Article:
Getting beyond the clichés of AI requires updating our approaches to design. By taking an intersectional approach -- one that considers the compounding effects of discriminations at the intersections of race, gender, sexuality, and more -- we can design more equitably. We can challenge power structures, fight systemic discrimination, and offer not only a seat at the table, but new ways of getting to (at staying at) the table in the first place. This seasoned panel offers insight from design leaders at Capital One, Microsoft, and Carnegie Mellon University who will share experience, common vocabulary, and ground rules for intersectional and responsible AI innovation.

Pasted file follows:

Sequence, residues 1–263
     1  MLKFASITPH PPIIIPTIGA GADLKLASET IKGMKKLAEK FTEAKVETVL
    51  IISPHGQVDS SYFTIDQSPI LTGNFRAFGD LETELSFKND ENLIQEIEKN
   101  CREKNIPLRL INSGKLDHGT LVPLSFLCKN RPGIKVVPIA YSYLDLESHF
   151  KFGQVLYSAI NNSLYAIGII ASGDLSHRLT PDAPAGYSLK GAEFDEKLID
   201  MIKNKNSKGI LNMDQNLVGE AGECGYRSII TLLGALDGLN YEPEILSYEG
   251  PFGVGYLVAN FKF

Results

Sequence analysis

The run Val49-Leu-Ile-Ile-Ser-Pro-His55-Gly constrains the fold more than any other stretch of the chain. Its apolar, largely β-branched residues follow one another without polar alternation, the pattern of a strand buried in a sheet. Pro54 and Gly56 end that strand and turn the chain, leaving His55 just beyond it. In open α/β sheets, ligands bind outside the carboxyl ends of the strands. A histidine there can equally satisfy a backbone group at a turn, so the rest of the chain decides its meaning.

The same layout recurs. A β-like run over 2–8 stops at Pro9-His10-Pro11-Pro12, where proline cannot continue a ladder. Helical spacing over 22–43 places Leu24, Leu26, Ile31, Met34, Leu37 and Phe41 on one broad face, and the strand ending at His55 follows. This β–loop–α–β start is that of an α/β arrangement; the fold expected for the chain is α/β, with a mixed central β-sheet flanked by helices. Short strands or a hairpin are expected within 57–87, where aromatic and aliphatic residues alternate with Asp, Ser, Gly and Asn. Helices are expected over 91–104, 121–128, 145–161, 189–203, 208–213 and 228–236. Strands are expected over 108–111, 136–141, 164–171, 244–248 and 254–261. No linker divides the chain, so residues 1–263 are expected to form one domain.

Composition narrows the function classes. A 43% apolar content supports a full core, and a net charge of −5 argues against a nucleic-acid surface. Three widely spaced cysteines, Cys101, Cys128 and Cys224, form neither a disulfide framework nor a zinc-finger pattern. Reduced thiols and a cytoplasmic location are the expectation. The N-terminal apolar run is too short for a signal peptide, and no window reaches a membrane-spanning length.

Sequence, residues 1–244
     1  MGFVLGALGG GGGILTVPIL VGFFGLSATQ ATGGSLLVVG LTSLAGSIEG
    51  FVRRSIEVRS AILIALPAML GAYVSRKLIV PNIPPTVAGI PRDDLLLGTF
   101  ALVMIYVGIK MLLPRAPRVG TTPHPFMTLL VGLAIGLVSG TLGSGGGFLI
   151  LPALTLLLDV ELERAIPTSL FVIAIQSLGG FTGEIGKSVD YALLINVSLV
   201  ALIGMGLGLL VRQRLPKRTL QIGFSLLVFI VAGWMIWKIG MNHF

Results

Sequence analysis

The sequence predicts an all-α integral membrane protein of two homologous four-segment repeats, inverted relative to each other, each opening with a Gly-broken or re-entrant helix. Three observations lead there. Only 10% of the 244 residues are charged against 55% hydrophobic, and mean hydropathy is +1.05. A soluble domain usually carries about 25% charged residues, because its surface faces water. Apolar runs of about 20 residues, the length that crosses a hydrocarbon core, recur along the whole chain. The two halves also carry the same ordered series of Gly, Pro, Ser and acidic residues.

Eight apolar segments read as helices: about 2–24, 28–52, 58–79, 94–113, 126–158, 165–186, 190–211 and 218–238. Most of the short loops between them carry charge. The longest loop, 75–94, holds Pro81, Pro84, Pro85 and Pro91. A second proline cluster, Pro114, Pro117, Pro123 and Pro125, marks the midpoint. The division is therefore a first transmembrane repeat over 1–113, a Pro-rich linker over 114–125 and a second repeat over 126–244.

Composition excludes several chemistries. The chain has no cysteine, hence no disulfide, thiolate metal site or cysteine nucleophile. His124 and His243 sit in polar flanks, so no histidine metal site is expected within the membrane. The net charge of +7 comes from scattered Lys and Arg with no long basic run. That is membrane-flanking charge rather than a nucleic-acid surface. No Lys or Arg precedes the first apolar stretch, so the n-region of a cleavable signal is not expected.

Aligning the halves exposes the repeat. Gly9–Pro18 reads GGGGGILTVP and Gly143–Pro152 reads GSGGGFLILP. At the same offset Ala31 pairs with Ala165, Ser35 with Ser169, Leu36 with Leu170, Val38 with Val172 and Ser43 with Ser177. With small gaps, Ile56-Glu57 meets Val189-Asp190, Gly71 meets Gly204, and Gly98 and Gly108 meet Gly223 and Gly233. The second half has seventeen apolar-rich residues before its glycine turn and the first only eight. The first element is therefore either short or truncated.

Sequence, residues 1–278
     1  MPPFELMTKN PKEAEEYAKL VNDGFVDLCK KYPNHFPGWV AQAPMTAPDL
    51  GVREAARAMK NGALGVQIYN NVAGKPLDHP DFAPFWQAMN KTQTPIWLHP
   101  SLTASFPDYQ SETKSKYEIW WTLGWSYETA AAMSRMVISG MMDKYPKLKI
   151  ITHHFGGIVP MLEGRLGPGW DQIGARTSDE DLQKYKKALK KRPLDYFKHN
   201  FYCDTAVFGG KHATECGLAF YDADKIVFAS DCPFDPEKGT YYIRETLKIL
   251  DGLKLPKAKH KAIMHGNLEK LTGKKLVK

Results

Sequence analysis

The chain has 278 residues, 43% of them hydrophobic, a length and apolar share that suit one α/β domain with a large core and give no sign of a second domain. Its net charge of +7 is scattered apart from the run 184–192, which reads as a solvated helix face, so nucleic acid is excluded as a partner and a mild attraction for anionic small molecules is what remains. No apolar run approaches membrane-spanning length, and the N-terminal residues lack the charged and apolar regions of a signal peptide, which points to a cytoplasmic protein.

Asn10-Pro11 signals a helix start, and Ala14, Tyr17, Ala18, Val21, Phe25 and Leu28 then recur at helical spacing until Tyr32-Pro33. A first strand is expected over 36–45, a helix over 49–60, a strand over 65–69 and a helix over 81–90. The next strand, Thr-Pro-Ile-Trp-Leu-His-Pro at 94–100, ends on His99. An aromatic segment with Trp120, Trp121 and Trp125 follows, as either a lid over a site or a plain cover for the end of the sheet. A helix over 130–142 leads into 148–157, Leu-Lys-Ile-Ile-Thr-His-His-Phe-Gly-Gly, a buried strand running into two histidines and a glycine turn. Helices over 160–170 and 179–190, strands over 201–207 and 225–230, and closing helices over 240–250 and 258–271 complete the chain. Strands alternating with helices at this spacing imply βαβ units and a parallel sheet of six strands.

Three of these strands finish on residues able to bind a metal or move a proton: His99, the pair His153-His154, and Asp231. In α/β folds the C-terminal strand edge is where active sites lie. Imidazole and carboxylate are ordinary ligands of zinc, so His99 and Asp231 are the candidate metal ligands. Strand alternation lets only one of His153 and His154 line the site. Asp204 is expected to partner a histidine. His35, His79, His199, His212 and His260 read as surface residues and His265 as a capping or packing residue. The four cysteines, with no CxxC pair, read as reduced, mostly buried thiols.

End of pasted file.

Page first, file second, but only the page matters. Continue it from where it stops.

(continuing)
Additional Supporting Materials
- Equitable technology requires intersectional approaches to the design, development, and evaluation of AI that includes race, gender, and sexuality.
- Intersectionality will enable cultural shifts to make space at the table and shape narratives of power and influence as more contextual and dynamic.
- Diverse perspectives and skills are necessary to ground AI in common a vocabulary and ground rules that bring more equitable and inclusive outcomes.
- Jamika Burge, Founder & Principal, Design & Technology Concepts, LLC
- Ruth Kikin-Gil, Senior designer, Responsible AI strategy, Microsoft
- Molly Steenson, Sr. Associate Dean for Research/Associate Prof, Carnegie Mellon University
- Jennifer Bove, Head of Design, Commercial Business to Business Payments, Capital One
Ezgi Emiroglu, Associate Director of Strategy, Tealeaves
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